Coach: ‘Baseballs about the Jims and Joes’
HUGHESVILLE – Christopher Kish, had served three years and has been for five years, head coach for the Hughesville High School Varsity Baseball Team. Sharing as to how his interest in the game began, he gave credit to his parents. “My mom and dad have always played a very big part in my athletic career from a playing and coaching perspective. They made a lot of sacrifices along the way personally and financially to allow me to participate in sports,” Kish said.
To be more specific, he said, “Some of the most vivid memories I remember was my father teaching me how catch and pitch while coming up through Little League. We spent hours upon hours working at the local park on defensive drills and taking batting practice. My mom never let me go without having the necessary items to compete. Both did a really good of allowing me to play and never tried to get overly involved. They wanted me to create my own way. Very rarely did they say much other than positive things regardless of the outcome or my performance,” Kish said.
And play he did, through the local Little League, up through Tenner League baseball, Legion Baseball, Travel Baseball, Keystone State Games, and High School Baseball leagues. “I chose to go to Lycoming College to play football with the intent to play baseball based on the college’s letterhead that baseball was coming back. Unfortunately, the team never happened at the time, but it is good to see that the college is now moving forward with having a team,” Kish said.
When beginning to teach at Hughesville, Kish reached out to Mr. Kevin Steele, the athletic director at the time. “I asked him if there was an opportunity to help out with the baseball team. I had a meeting with then current Hughesville head coach and current South Williamsport head coach (Casey Waller). I was afforded the opportunity to coach with him and continue to learning the game by watching him approach practices and games. I am incredibly indebted to him and the district for giving me the opportunity to jump on staff as an assistant coach,” Kish said.
At Lycoming College, Coach Wiser taught Kish how to coach. Wiser would say, “Coaching isn’t always about the X’s and O’s, it’s about the Jimmy and Joes.” In other words, it’s about taking care of people and letting them know you care. Kish said that, “Wiser is my dad away from home and has always looked after and encouraged me. He teaches lessons, he recycles people, I have never seen him throw someone away but finds the good in people. He is always one of the first phone calls I receive after a game regardless of outcome. Our bond is lifelong, he has guided me to become not only a better coach, but a better person. I am hopeful that I can be as successful as him at some point in my coaching career.”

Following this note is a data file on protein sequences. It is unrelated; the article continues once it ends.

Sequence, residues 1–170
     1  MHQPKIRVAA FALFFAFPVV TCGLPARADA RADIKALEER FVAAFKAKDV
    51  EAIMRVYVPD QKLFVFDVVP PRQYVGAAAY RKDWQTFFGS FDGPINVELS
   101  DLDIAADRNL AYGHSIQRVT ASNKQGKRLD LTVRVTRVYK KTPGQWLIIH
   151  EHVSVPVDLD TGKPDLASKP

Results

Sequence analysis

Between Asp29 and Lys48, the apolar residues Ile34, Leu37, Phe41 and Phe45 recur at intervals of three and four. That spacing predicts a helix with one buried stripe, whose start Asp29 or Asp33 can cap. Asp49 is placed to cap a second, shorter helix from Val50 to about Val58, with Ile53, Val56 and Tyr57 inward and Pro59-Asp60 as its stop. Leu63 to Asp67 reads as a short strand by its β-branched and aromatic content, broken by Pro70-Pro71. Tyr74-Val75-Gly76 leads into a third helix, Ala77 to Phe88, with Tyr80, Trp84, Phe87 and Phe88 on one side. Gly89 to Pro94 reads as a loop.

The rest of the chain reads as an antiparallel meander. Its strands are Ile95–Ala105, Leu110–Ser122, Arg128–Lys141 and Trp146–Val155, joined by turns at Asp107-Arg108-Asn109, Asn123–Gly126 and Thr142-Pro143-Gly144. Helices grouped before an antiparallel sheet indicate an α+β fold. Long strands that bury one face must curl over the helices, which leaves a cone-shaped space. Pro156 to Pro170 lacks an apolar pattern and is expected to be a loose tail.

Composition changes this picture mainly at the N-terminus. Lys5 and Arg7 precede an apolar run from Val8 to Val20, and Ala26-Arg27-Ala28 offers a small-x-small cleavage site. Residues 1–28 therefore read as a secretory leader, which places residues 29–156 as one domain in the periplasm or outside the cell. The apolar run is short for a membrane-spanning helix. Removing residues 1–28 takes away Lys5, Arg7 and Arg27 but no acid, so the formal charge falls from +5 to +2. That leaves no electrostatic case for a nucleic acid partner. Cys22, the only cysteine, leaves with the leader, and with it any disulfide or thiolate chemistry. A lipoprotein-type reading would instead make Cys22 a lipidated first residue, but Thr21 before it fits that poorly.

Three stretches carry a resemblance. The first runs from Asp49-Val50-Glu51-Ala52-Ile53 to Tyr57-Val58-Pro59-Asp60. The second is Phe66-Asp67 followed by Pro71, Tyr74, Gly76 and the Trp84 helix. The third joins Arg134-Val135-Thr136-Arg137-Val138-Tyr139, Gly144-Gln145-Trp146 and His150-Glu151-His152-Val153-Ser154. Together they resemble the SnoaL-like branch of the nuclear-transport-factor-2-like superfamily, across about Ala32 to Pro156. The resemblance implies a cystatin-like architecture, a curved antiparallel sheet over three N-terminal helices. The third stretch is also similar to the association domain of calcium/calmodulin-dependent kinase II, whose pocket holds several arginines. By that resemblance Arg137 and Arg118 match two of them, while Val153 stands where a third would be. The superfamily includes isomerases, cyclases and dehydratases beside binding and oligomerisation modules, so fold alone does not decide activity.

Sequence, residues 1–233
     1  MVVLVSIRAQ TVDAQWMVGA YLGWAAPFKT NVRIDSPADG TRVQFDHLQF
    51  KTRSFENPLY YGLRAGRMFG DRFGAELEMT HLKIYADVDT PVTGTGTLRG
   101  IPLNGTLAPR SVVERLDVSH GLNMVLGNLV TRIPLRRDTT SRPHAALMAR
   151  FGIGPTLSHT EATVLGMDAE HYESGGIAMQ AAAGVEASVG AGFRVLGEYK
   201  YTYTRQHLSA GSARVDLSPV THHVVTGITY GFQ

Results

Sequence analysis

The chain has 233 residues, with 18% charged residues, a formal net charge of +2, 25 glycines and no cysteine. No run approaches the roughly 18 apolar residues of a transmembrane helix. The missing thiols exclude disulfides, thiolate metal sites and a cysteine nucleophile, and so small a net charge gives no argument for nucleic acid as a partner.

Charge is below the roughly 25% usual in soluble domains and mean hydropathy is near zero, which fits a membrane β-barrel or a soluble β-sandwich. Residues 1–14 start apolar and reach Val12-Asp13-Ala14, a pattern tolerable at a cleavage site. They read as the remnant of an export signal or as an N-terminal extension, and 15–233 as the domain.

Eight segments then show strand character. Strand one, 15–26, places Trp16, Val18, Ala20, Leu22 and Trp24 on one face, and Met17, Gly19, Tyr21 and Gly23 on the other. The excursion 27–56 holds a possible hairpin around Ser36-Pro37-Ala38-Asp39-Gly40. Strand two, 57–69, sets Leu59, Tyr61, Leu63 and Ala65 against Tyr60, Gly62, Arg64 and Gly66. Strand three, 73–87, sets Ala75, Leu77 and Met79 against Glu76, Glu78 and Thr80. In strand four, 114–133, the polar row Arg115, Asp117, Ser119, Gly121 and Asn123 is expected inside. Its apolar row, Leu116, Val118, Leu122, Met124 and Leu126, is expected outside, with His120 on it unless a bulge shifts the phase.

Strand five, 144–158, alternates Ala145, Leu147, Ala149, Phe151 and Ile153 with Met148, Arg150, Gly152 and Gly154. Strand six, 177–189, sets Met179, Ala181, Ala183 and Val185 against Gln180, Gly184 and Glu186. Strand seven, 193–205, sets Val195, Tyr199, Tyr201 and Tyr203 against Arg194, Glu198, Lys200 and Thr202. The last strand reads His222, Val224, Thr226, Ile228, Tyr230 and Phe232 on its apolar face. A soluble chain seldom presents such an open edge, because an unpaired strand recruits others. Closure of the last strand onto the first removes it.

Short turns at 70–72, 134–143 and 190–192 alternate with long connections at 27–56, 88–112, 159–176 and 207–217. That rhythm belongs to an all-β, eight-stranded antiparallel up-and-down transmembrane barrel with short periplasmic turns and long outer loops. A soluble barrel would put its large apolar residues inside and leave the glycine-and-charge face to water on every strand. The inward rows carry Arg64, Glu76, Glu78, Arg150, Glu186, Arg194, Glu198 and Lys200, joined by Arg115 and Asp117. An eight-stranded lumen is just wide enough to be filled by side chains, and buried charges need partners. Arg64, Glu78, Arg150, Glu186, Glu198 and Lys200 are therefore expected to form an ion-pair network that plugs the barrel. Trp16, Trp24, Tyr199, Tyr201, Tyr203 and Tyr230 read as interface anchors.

In speaking of his team, Kish said, “We got out to a hot start at the end of March and things have turned a bit. We are a young team going through some growing pains. Regardless of our record now or at the end of the season, I think this group’s success will ultimately be measured by their resolve to complete the season based on all of the obstacles faced throughout the year.”
COVID has presented challenges yet the Hughesville kids are fighters. They have been through it, just like kids across the country, but to see them continually grow each day and learn to respect each other is ultimately the biggest success. “I don’t think people realize how hard it is to be part of a team today, especially with all of the individual accolades that people receive. Some of our greatest successes as a coaching staff isn’t the game winning hit, but seeing a kid that couldn’t get a bunt down in winter go out there in a JV game and get it done for his teammates. That’s baseball, that’s life, that’s success,” said Coach Kish.
A single humorous event the coach could not recall but said, “Just laughable moments that we create everyday as a team and the stuff that goes on with baseball guys creates memories that will last a lifetime.”
Looking toward the future Kish says, “I love this team and the DNA of the guys that are part of it this year. First goal, get ten wins and get into the postseason tournament. From there anything can happen. I look toward the immediate future competing against other great programs in the area and finding out what the finished product of the 2021 team will look like.”
In retrospect, the coach stated, “The fun thing about coaching and playing is that it is completely opposite from today’s world. Today, everyone wants an outcome now and fast forward without putting in the work. Coaching and playing is process and detail oriented, you must put in the work daily to see the outcome. There is no substitute for working hard and executing.”